Like local school districts, each AEA in Iowa undergoes an accreditation process every five years and Great Prairie AEA will be completing that process in the coming weeks. The process actually takes two years to complete, with the first year consisting of the preparing for and conducting of the formal site visit. Many of our local districts were instrumental in helping us with the site visit phase last year, providing teachers, administrators, and parents for our focus group interviews. This year, we have been using the results of that accreditation report, as well as multiple other data sources, to produce our Comprehensive Improvement Plan or CIP. This is an exciting and critical time for the agency because the CIP charts our course for the coming years. It is our strategic plan, the plan that will guide us as we endeavor to support and lead Iowa’s education community.
The Process – This year, we have been working as an agency on the planning phase or CIP phase of the process. The first step in the CIP phase of accreditation is to inventory all current AEA services. After this comprehensive inventory of services, we look at a number of data sources from within and outside the agency: We review the contents of both AEA and local district accreditation reports. We analyze the student achievement data and CSIP goals of all of our districts. We also analyze the qualitative and quantitative data from the AEA satisfaction surveys taken annually by educators in the region. Finally, we look at the current educational context in the state by reviewing the priorities stated in the AEA Compact http://bit.ly/1mHvlW4 and by reviewing recent state and federal legislation that either is impacting or will be impacting our local school districts. From this needs assessment and analysis phase, two guiding documents are developed. The first is the actual 5-year action plan that establishes our actions and priorities going forward. The second and equally important document is the professional development plan that will map out the internal (AEA) and external (LEA) learning that will need to take place in order for us to execute our plan and to successfully support our districts.
Here is what we are learning from the process. We know from student achievement data, satisfaction survey data, and leadership interview data that districts want us to continue to provide quality direct services that allow students with special needs to access a free and appropriate education. This need is particularly acute for districts as they work with students who are experiencing difficulty in the areas of reading and behavior. We are already responding to this by making sure that every LEA building is served by one special education core team member specializing in reading and one specializing in challenging behavior. We are continuing to provide half of our core team members ongoing training in methods for providing specially designed instruction in literacy and the other half in best practices for intervening with students who exhibit challenging behavior. We will also continue to provide the full array of direct services to students that we currently offer, such as speech, physical, and occupational therapy. These have been and will remain core services for our agency.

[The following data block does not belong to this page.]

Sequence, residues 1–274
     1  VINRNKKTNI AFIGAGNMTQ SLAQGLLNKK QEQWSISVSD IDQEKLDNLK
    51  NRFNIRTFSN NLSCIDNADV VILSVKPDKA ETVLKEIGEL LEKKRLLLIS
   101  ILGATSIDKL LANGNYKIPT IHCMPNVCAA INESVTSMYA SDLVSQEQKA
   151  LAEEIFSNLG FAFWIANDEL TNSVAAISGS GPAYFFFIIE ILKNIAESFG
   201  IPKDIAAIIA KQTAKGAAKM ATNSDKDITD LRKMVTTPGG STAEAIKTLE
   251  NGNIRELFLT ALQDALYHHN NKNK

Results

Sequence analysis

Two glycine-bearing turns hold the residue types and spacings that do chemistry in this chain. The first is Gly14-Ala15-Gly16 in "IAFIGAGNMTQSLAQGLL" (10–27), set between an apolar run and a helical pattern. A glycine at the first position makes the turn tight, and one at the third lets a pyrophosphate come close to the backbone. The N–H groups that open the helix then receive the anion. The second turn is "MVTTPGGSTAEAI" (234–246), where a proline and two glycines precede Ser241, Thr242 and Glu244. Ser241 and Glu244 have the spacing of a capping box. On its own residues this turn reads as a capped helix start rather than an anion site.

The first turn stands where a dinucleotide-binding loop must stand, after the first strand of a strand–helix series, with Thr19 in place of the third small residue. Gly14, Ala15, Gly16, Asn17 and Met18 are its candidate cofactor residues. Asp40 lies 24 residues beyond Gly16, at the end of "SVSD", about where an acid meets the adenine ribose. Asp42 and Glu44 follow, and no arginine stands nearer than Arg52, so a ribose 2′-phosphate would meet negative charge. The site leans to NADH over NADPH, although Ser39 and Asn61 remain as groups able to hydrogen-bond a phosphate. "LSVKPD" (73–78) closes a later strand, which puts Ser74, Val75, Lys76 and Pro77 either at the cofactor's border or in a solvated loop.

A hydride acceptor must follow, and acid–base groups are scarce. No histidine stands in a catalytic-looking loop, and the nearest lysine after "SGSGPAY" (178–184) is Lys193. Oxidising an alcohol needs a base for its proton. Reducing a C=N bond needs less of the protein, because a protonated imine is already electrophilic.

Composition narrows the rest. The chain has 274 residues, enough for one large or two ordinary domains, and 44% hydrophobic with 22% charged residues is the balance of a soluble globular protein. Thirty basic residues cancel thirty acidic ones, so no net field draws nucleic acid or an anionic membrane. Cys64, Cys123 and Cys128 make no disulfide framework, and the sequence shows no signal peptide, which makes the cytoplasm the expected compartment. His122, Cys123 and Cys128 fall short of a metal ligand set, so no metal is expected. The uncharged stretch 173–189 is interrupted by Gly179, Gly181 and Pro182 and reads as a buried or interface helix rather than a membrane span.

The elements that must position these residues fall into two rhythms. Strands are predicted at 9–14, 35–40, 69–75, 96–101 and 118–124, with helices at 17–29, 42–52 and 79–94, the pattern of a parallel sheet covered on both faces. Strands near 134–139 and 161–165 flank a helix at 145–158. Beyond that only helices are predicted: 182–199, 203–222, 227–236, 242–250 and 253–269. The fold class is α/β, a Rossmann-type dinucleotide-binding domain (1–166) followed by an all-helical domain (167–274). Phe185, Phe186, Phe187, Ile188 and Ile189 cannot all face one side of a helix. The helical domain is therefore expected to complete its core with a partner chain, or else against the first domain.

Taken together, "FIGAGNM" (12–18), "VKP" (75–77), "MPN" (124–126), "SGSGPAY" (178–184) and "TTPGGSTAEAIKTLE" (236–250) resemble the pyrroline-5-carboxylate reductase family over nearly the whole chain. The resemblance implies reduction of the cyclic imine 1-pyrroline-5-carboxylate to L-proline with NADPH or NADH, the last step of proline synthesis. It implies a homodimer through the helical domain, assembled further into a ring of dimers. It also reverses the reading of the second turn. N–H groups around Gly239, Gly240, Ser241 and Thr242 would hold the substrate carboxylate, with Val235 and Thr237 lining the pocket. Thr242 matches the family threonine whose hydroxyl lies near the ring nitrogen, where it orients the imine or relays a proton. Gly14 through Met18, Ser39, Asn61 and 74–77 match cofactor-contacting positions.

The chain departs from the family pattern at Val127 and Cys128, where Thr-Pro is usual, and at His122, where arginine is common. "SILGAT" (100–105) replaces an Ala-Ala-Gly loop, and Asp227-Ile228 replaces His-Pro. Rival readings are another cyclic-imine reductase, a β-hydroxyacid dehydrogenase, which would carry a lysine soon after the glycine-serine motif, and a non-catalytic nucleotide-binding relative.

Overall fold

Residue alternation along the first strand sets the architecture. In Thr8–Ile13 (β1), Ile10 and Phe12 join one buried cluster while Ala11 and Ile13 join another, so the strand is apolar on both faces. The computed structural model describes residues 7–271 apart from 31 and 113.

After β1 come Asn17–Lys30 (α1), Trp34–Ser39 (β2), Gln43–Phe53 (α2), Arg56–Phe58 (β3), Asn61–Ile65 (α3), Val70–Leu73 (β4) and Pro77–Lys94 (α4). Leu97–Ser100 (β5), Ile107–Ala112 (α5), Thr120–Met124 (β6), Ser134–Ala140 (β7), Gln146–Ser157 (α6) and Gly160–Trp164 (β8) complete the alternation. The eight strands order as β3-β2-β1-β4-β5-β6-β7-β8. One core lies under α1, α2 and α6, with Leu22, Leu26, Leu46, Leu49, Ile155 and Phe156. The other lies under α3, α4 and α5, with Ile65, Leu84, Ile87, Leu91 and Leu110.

Another area of concentration for our agency going forward will be to support the continued implementation of the Iowa Core. This means that we will need to continue to support teachers and school leaders as they learn more about the shifts involved in teaching to the Iowa Core in reading, math, and science. We will need to stay abreast of best practices in characteristics of effective instruction, as well as understanding and teaching to the Iowa Core Standards. Developing high quality, aligned assessments for those standards is the third piece of supporting implementation of the Iowa Core. We will continue to support investigations work with the standards and assessments, effective instructional models, and observational protocols. Supporting the Iowa Core has implications for both special education and instructional services staff as we will need to support the development of extended benchmarks and alternate assessment in addition to the work we do with general education teachers in curriculum, instruction, and assessment. This will have implications for the work we do with both teachers and leaders.